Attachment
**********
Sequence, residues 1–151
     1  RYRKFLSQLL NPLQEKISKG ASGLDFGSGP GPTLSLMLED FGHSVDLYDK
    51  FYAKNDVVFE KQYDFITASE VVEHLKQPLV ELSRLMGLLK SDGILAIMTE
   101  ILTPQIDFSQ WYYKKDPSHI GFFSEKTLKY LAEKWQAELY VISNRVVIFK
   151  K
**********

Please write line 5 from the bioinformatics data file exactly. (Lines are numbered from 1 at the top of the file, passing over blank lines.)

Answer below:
   151  K